A global comparison between station air temperatures and MODIS land surface temperatures reveals the cooling role of forests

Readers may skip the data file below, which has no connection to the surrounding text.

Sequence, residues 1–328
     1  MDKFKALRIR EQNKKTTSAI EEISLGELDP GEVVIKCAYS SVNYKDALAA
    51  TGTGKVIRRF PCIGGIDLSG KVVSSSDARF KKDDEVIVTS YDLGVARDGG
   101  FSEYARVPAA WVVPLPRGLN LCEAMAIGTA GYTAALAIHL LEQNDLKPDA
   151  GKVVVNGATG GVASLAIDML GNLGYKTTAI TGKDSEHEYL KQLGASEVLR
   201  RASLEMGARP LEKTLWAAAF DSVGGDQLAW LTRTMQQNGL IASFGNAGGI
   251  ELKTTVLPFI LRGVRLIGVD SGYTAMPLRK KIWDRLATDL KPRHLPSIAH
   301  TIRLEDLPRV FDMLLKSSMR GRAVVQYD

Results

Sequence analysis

[1] Most global temperature analyses are based on station air temperatures. This study presents a global analysis of the relationship between remotely sensed annual maximum LST (LSTmax) from the Aqua/Moderate Resolution Imaging Spectroradiometer (MODIS) sensor and the corresponding site-based maximum air temperature (Tamax) for every World Meteorological Organization station on Earth. The relationship is analyzed for different land cover types. We observed a strong positive correlation between LSTmax and Tamax. As temperature increases, LSTmax increases faster than Tamax and captures additional information on the concentration of thermal energy at the Earth's surface, and biophysical controls on surface temperature, such as surface roughness and transpirational cooling. For hot conditions and in nonforested cover types, LST is more closely coupled to the radiative and thermodynamic characteristics of the Earth than the air temperature (Tair). Barren areas, shrublands, grasslands, savannas, and croplands have LSTmax values between 10°C and 20°C hotter than the corresponding Tamax at higher temperatures. Forest cover types are the exception with a near 1:1 relationship between LSTmax and Tamax across the temperature range and 38°C as the approximate upper limit of LSTmax with the exception of subtropical deciduous forest types where LSTmax occurs after canopy senescence. The study shows a complex interaction between land cover and surface energy balances. This global, semiautomated annual analysis could provide a new, unique, monitoring metric for integrating land cover change and energy balance changes.